How Air force One Got Its Distinctive Look

A modern VC-25B (747) as Air Force One (Photo: Elizabeth Slater/ U. S. Air Force)

As the media has paid recent attention to Air Force One, I thought I would take a few moments to discuss how this aircraft got its iconic livery and became a symbol of the president and the nation. Air Force One is an integral part of American state ceremony. It ferries the president to locations beyond Washington and takes him on foreign visits. The image of the president waving on the steps of the aircraft when he arrives or departs has become so iconic it has almost become obligatory. Often on foreign visits, an honor guard is found at the steps of the aircraft and dignitaries lined up to greet the president. Many would be surprised to find that the aircraft that transports the President was not always blue and white, in fact, it was once orange! Presidents Roosevelt and Truman flew in various propeller-driven aircraft and it wasn’t until the end of President Eisenhower’s first term that a set of jet-powered Boeing 707s were delivered to the U.S. Air Force. Like all VIP aircraft in the fleet, they were painted in a high visibility orange with the words “Military Air Transport Service” written on the side. There was really nothing indicating the importance of their mission or the person they carried.

Orange livery before Loewy (Photo: Robert Knudsen / White House)

  It would not be until the next president before the plane we know today came into being. As will be explained in forthcoming posts, President Kennedy was very influential in shaping modern, American state ceremony. Kennedy first ordered that “United States of America” be painted on the side, thinking it was far more dignified than “Military Air Transport Service.” Eventually, famed industrial designer, Raymond Loewy would be hired to design a whole new livery. Some sources contend First Lady Jaqueline Kennedy specifically sought out Loewy but this has never been proven. Even without the Air Force One commission, Raymond Lowey’s firm would have still been remembered for designing the logos of TWA, Exxon, Nabisco, numerous locomotive and automotive designs and helping to make Coca-Cola a universally recognized brand. Reportedly spending several hours with President Kennedy, the pair eventually decided on a blue scheme (Kennedy’s favorite color), lots of polished metal and the Presidential seal on the lower half of the fuselage ahead of the wing. Sadly, many Americans would become familiar with the new color scheme as it sat on the tarmac of Dallas Love Field during the chaos of November 22nd, 1963. The colors would also be the backdrop to President Johnson’s trips to Vietnam, Nixon’s famous trip to China and Reagan’s summits with Soviet President Gorbachev.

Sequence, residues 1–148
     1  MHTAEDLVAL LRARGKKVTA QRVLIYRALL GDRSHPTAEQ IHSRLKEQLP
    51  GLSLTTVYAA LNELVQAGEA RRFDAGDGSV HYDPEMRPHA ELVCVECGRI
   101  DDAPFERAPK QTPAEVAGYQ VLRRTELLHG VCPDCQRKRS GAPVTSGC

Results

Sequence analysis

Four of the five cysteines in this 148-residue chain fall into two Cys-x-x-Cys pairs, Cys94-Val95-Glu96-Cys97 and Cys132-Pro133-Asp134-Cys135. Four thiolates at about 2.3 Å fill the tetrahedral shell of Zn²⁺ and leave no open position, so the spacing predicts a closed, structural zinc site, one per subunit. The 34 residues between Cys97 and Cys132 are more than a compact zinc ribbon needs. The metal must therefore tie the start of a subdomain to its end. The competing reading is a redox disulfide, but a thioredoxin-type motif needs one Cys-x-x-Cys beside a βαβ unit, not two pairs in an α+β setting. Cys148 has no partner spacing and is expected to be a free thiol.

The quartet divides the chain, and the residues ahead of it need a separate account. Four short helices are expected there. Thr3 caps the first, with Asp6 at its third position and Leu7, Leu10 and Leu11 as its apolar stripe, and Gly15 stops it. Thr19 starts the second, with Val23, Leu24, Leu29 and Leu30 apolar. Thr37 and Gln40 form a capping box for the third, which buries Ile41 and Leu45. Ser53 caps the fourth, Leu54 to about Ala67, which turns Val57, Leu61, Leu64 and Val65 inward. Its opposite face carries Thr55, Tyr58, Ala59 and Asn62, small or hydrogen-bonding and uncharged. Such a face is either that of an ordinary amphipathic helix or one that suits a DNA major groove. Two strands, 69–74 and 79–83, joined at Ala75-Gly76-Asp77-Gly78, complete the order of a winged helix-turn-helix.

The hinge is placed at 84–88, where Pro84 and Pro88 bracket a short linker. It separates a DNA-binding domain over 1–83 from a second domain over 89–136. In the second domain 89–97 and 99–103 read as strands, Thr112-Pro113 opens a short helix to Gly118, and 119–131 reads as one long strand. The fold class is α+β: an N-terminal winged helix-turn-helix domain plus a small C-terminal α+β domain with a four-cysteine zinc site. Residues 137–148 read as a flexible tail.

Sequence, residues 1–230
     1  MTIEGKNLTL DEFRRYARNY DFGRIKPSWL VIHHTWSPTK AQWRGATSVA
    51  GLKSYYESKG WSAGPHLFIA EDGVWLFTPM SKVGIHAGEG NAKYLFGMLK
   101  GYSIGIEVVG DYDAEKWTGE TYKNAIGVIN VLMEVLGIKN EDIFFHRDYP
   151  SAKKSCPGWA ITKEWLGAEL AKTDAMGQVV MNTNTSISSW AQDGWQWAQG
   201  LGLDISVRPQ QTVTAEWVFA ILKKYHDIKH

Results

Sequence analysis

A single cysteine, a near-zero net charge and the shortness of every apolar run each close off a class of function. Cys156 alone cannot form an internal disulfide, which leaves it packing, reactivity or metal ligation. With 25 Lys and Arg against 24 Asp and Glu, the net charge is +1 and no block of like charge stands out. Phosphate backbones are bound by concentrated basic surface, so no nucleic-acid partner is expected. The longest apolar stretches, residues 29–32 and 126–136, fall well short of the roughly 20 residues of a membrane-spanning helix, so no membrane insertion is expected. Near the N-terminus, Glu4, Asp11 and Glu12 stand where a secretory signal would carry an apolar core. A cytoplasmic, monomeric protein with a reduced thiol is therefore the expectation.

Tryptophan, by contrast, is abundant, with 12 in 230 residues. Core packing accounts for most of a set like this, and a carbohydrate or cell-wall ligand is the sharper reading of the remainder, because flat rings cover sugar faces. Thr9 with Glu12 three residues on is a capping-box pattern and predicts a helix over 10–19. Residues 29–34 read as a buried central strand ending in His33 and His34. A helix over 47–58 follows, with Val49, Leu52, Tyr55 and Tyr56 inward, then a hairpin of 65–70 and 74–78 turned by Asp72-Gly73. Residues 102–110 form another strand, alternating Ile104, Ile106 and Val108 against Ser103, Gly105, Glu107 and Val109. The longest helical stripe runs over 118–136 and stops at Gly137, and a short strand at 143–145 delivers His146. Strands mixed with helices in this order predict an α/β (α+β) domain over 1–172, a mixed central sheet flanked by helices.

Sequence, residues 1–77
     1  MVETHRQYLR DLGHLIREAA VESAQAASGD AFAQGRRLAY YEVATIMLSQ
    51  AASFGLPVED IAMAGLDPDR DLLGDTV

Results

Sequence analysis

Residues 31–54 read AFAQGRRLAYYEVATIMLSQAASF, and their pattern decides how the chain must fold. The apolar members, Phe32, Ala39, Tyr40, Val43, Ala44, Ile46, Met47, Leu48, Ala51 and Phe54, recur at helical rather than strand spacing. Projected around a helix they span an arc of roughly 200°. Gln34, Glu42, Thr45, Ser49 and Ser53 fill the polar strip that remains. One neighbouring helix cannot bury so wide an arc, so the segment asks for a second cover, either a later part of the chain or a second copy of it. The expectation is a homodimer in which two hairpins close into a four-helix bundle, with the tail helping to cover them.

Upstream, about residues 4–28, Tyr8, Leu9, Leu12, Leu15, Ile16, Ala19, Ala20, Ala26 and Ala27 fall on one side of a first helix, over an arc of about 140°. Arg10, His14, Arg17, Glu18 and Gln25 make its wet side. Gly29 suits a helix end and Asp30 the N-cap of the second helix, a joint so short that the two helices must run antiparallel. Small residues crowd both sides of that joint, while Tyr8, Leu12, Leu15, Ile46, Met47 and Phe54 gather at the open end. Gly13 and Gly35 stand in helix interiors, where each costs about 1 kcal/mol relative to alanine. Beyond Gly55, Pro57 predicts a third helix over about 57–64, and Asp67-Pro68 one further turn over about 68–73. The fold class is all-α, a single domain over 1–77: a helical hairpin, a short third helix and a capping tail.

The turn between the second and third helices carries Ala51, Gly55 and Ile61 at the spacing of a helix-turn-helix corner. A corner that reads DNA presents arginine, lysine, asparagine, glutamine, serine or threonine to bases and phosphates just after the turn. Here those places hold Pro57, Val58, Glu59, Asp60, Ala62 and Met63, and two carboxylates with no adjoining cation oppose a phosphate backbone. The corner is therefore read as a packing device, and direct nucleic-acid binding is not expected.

President Kennedy and the First Lady depart Air Force One in Dallas, Texas on November 22nd, 1963 (Photo: Cecil Stoughton / White House)

When the 707s were replaced with 747s in the late 1980s, the livery was modified to fit on the larger fuselage but stayed very similar. Whatever replaces the current fleet of presidential aircraft, the livery is virtually guaranteed to stay the same as it has become so synonymous with the American Presidency. Eventually, as more modern aircraft are made of composite materials, the livery may have to be reworked if there is no metal to polish.


References

Von Hardesty, Air Force One: The Aircraft That Shaped the Modern Presidency (Chanhassen, Minnesota: Creative Publishing International)

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